Life and business skills – do children know best?

“A child can teach an adult three things: to be happy for no reason, to always be busy with something and to know how to demand with all his might that which he desires” – Paulo Coelho.

There are most definitely more than three skills our children can teach us, which we lose or become unfamiliar with as we enter adulthood.   I can think of six main life and business skills where children excel.

1. Social Networking

Generally, children have an amazing ability to make friends anywhere they can interact with others.  These days, most parents would agree that their children’s social calendar is much more populated than that of most adults.  Kids’ birthday parties are overtaking most of the weekends.  In addition, there are play dates, sporting and other developmental activities, which all parents throw themselves into in the attempt to make their off-springs smarter, sportier and “well-adjusted”. 

We need to replicate kids’ ability to make friends and to interact with people to utilise our social networks to their full capacity and to our benefit.

2. Negotiation Skills and Compromise

These vital skills in life present themselves early in every child’s life.  The negotiation and the bargaining process starts with the demands for presents, sweets, more time for play, television, later sleep time and any other things desired by our bundles of joy.  It continues and flows into the playground with negotiating their way around usage of play equipment or exchanging footy cards or other paraphernalia.

Children quickly understand that to be successful in any negotiations, they must be able to compromise in some respects and ‘pick their battles’.  Most adults forget that negotiation is not about winning 100% or getting all that you want.  The lesson about negotiation and compromise includes understanding the desired end result, the parameters you are prepared to forgo and presenting your view-point in a way which is likely to achieve it.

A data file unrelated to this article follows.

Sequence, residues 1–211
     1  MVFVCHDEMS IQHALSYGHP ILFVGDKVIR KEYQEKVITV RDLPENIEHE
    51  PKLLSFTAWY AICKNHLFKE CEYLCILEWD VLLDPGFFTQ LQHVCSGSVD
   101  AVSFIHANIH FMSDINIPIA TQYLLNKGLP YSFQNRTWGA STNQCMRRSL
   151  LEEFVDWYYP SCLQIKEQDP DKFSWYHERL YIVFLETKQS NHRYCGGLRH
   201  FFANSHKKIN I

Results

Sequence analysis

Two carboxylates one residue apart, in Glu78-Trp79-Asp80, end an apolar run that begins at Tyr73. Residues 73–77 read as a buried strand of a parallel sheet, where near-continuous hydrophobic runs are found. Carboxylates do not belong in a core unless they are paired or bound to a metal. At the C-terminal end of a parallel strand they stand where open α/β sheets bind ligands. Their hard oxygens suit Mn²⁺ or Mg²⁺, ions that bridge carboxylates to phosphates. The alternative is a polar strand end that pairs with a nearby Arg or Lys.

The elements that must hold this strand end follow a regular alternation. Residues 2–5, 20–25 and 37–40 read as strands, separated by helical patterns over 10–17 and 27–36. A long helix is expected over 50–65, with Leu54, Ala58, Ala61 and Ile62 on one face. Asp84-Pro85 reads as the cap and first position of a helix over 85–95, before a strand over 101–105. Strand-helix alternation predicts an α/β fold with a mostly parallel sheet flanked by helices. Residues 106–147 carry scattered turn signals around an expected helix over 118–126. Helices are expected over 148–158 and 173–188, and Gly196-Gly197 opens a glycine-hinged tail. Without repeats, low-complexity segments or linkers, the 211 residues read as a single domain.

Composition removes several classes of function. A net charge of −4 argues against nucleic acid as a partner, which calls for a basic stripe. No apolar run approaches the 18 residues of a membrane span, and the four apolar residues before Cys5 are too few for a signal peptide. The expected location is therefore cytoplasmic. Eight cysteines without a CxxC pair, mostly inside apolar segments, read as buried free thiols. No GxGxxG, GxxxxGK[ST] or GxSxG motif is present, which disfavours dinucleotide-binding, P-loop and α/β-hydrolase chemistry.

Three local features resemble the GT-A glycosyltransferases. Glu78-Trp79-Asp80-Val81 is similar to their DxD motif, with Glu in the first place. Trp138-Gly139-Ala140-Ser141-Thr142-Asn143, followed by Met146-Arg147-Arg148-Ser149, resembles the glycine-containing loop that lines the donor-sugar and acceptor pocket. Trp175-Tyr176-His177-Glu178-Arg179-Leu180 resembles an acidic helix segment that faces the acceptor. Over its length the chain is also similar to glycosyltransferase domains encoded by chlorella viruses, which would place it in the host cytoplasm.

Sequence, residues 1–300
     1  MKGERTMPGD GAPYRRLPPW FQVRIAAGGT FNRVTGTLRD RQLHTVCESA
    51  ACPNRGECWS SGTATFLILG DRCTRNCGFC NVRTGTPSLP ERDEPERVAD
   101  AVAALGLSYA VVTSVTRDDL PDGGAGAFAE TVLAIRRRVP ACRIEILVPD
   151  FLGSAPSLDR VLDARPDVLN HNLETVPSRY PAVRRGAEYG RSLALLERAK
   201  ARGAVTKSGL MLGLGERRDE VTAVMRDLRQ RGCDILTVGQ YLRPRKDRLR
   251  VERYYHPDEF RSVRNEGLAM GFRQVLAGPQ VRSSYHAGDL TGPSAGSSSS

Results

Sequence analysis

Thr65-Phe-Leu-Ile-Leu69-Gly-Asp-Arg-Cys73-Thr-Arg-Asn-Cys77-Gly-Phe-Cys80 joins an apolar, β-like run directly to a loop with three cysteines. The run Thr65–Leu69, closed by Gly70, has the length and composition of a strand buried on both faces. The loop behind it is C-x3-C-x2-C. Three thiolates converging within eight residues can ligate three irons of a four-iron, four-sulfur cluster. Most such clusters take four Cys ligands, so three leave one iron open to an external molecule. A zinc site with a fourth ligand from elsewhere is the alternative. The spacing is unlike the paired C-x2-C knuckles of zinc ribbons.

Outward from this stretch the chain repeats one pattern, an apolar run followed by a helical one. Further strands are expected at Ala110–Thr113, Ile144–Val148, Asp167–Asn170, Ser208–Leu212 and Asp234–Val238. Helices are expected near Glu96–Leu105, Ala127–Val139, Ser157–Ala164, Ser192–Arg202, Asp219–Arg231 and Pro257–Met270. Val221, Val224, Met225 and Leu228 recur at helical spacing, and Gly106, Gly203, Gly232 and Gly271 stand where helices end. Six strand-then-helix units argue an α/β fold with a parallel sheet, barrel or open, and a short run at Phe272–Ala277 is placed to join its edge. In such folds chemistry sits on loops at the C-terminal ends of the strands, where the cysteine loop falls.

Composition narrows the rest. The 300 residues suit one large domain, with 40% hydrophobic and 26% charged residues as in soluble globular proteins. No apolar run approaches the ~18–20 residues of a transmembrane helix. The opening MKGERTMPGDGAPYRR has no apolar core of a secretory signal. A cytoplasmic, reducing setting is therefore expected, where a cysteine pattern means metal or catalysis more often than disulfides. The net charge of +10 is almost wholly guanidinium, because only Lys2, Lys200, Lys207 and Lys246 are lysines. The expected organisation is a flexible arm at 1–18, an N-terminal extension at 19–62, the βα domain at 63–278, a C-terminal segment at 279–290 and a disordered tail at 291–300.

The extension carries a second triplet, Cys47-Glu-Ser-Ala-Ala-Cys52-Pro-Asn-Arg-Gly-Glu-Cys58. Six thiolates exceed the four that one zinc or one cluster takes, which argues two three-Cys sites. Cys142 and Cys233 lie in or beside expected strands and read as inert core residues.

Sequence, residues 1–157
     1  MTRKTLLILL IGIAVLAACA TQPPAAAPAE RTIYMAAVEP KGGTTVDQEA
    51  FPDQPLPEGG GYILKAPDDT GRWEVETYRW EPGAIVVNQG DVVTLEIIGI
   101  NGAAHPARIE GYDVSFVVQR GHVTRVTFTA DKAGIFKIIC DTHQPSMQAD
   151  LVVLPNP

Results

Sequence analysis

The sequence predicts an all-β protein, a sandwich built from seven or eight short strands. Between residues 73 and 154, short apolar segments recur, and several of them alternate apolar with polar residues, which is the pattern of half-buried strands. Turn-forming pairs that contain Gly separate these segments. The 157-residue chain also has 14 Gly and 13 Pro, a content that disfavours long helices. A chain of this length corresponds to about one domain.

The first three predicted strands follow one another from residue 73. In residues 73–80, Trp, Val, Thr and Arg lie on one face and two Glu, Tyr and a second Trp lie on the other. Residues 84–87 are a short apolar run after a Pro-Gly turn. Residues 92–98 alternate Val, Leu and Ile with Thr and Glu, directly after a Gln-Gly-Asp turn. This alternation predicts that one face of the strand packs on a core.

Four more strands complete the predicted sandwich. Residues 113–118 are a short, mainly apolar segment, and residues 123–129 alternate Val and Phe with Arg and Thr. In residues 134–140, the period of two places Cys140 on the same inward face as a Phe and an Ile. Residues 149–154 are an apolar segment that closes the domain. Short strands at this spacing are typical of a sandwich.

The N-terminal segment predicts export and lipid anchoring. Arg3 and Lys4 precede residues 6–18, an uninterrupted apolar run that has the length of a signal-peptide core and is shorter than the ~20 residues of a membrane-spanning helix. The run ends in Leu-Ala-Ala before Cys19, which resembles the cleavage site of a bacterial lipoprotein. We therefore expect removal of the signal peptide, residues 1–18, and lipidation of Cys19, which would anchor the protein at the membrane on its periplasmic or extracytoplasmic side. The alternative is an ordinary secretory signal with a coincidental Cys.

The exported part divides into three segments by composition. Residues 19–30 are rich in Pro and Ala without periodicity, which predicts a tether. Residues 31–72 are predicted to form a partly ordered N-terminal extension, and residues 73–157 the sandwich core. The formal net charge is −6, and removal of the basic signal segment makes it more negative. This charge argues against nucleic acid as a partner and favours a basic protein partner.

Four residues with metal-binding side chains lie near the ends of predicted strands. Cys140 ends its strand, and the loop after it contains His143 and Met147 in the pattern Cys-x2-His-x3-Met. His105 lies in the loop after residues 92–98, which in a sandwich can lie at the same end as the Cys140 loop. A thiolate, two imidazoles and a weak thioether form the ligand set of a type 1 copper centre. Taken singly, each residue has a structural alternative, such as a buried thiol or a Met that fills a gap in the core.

3. Always be prepared

Children teach us to be prepared and to avoid, as much as possible, the start of World War III and a possibility of having a sleepless night filled with tears and arguments.  Most parents have multiple replicas of their children’s favourite soft toys which accompany them to bed every night, to cover off the situations when the original toy is lost or needs to be washed or some other disaster strikes it.   Parents often carry their kids’ favourite snacks and treats so that no tears and tantrums can resurface. 

This invaluable skill, equally applicable to parents and business people, is similar to playing a chess game – think at least two or three moves ahead and it is unlikely that you will be unpleasantly surprised.

4. Do not overspend

The lesson is simple – do not spend what you do not have!  Kids will be careless and demanding with your money, but not with what they consider as ‘their’ money, as they have limited funds from presents, pocket-money and other means.  A child will think long and hard before parting with their cash and spending it on a particular item or a toy.

Hence, treat your finances like you are a child.  Understand what constitutes the essential payments which cannot be avoided, such as mortgage, bills for utilities and school and childcare related expenses. The rest of expenses, including home help, groceries, clothes, outings and others should be reconsidered and rationalised to understand the break down of items into the categories of the ‘needs’ and the ‘wants’.  After purchasing all items in the ‘needs’ category,  consider which of the ones from the ‘wants’ category are important and can be afforded.  By doing so you will also be leading by example and teaching your children a valuable lesson about using credit responsibly.

5. Get up after falling and move on

Children fall down, hurt and bruise themselves on daily basis.  They cry for a short period of time, then get up and carry on with their daily activities.  However, when adults encounter stumbling blocks in life, they often find it almost impossible to simply get up and move on.  We need to learn to allow ourselves that moment of self-pity and then to be able to turn the page and to move on.

6. Be happy and have fun

Children are able to be happy and content with what they have without the need for self validation, financial backing or gain, acceptance by society or any other things.  They do not hold grudges, are able to show their feelings and emotions, are uninhibited, and generally know how to have fun and laugh for no apparent reason.

Take their lead and have fun.  We only live once, you might as well enjoy it.


About Jane Garber-Rosenzweig

I am a mother, a senior franchising and commercial lawyer, a writer and a social media enthusiast. I live a very busy lifestyle but believe that you need to take time to ‘stop and smell the roses’. I also believe in taking educated risks and celebrating all achievements in life, regardless of how big or small they are. I am a lateral thinker and an optimist. My goal in life is to ensure the saying “we make our own destiny” becomes a reality.
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